Fever is a common symptom of a virus, infection, sunburn, heat-stroke, or even medication. X Research the source Body temperature rises as a natural defense against infection and disease. An area of the brain called the hypothalamus regulates body temperature, which fluctuates throughout the day by a degree or two from the normal 37 °C level. Fever is generally defined as an increase in body temperature above the normal body temperature of 37 °C. X Trusted Source Mayo Clinic Visit a source While a fever is a natural process that can help your body heal, there may be times when you want to ease the discomfort caused by a fever or see a doctor.
Reducing Fever with Medicine
Use acetaminophen or ibuprofen. These drugs are over-the-counter and are effective in temporarily reducing fever. This medicine can be used for children and adults to make them feel more comfortable while their body is in the healing process.
Consult a doctor or pharmacist before using it (formulated for children or infants).
Do not use more than the recommended dose. Pay close attention to the dosage you give to children. Do not place the medicine bottle within the reach of children, because taking more than the recommended dose can be dangerous.
Take acetaminophen every 4 to 6 hours, but not more than the recommended dose on the label.
Take ibuprofen every 6 to 8 hours, but not more than the recommended dose on the label.
Do not combine drugs for children. Do not give children more than one over-the-counter medication at a time to treat other symptoms. If you give your child acetaminophen or ibuprofen, do not give them cough drops or other medicines without consulting their doctor. Some medications interact with each other and can harm your child’s health.
For infants over 6 months of age, children, and adults, it is safe to use acetaminophen and ibuprofen interchangeably. The usual dose of acetaminophen is every 4-6 hours and ibuprofen every 6-8 hours, depending on the dose.
Use aspirin only if you are over 18 years of age. Aspirin is effective in reducing fever for adults, as long as you take it at the recommended dose. Never give adult aspirin to children , as it can cause Reye’s syndrome, a potentially fatal disorder.
Overcoming Fever Symptoms with Home Remedies
Drink lots of fluids. It is very important to keep fluids in your body during a fever, as a rise in body temperature can lead to dehydration. Drinking water and other fluids helps the body flush out the viruses or bacteria that cause fever. However, you should avoid caffeine and alcohol as they can lead to further dehydration.
Green tea can help lower fever and boost your immune system.
If you feel nauseous or vomit during a fever, avoid fruit juices, milk, sugary drinks and carbonated drinks. These drinks can make you feel nauseous and vomit.
Try replacing solid foods with soups or broths to help restore fluids in the body (but pay attention to the salt content). Eating ice cream sticks is also a great way to get some fluids and also helps cool your body.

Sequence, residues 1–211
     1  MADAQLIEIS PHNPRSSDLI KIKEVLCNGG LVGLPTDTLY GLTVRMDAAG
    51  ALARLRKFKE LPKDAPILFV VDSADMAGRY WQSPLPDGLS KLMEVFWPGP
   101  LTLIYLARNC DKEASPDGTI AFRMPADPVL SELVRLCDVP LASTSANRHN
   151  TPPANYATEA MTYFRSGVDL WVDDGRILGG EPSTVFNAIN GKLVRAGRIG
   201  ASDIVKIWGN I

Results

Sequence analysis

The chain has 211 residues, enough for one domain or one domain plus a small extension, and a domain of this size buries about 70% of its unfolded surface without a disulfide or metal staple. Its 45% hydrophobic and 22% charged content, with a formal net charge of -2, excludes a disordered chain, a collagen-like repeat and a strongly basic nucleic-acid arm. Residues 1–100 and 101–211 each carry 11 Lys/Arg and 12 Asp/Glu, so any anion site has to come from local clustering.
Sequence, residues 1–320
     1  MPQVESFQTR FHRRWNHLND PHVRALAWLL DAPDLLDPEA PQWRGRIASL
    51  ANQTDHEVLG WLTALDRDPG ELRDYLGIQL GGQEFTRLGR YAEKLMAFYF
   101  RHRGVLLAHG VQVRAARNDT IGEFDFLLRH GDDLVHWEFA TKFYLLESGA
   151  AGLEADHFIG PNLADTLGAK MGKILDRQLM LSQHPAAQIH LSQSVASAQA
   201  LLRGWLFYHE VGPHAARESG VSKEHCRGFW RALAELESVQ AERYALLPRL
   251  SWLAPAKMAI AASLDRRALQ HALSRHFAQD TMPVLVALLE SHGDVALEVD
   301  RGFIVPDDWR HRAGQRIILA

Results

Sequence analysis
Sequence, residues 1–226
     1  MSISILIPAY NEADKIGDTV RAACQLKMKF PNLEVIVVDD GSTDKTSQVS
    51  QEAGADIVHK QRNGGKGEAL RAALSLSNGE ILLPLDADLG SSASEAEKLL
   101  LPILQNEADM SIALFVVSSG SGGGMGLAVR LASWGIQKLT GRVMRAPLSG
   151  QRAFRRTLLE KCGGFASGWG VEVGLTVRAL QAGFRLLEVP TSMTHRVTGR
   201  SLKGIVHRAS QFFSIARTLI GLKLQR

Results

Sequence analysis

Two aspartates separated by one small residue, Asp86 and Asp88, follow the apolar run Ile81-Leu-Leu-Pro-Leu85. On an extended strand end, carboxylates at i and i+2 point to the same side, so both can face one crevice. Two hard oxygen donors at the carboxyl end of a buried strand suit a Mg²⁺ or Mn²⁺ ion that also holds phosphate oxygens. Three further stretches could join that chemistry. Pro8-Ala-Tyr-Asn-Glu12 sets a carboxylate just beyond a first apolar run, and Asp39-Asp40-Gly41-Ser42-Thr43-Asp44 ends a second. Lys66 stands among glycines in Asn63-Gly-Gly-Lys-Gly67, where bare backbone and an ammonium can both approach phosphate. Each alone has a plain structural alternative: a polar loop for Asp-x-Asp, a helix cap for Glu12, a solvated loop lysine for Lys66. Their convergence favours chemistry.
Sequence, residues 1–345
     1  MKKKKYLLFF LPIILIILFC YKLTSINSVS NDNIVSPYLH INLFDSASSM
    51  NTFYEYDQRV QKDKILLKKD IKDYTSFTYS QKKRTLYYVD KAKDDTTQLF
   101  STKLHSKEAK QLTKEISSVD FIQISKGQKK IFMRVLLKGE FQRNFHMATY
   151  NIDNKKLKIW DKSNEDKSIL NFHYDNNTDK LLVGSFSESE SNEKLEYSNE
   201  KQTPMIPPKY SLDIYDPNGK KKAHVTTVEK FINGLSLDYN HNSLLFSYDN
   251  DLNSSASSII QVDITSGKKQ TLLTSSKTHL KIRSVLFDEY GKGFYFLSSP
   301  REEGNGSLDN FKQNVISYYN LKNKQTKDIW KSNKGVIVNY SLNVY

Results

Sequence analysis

If you are vomiting, your electrolytes may be out of balance. Drink an oral rehydration solution or sports drink that contains electrolytes.
Children under one year of age who do not drink breast milk regularly or who refuse to breastfeed during illness should drink a rehydration solution containing electrolytes, such as Pedialyte, to ensure they are getting the nutrition they need.
Rest as much as possible. Sleep is the body’s natural way of recovering from illness; in fact, sleeping too little can make you sick. Trying to fight back and keep going may even raise your body temperature. By making sure you get enough sleep, you allow your body to use its energy to fight infection instead of being used for something else.
Take time off from work, or if your child is sick, allow him or her off school to rest at home. The extra sleep your child is getting is a surefire way to speed up recovery, and the source of the fever may be contagious, so it’s best to keep him at home. Many fevers are caused by viruses that remain highly contagious as long as the fever is still there.
Wear light, breathable clothes . Do not cover yourself and your child with blankets and layered clothing. You may feel cold, but your body temperature can’t start to drop if you’re covered in blankets or heavy clothing. Wear light but comfortable pajamas.
Do not try to “sweat out” a fever by wrapping a person with a fever.
Eat as usual. Even though the old adage says “don’t eat too much”, this is not good advice. Continue to nourish your body with healthy foods for a faster recovery. Chicken soup is a great choice, as it contains vegetables and protein.
If you don’t have an appetite, try replacing solid foods with soups or broths to help replenish fluids in your body.
Eat foods that are high in water, such as watermelon, to keep you hydrated.
If you feel nausea or vomiting with your fever, try eating soft foods like saltine crackers or applesauce.
Try drinking herbs. Some herbs can help bring down a fever or help your immune system fight off the cause of the fever. However, herbs and natural remedies can interfere with medications and other medical conditions, so you should ask your doctor or pharmacist before taking them.
Andrographis paniculata is commonly used in traditional Chinese medicine to treat colds, sore throats, and fevers. Use 6 g per day for 7 days. Do not use andrographis if you have biliary disease or an autoimmune disease, are pregnant or trying to conceive, or are taking blood pressure medications or blood thinners such as warfarin.
Thousand leaves ( yarrow ) can help reduce fever by making the body sweat. If you are allergic to ragweed or asters, you may experience an allergic reaction to millipede. Do not consume leaf of a thousand if you are taking blood thinners or blood pressure medications, lithium, stomach acid reducers, or anti-seizures. Children and pregnant women should not use thousand leaves. You may be able to add a thousand leaf tincture to a warm (not hot) bath to help bring down a fever.
Despite the name feverfew , this plant is actually not very good at reducing fever.
Take a shower using lukewarm water. Soaking in lukewarm water, or taking a shower, are easy and convenient ways to bring down a fever. Soaking in lukewarm or room temperature water is usually the right temperature to cool your body without upsetting your balance. This can be especially helpful if done right after taking fever-reducing medication.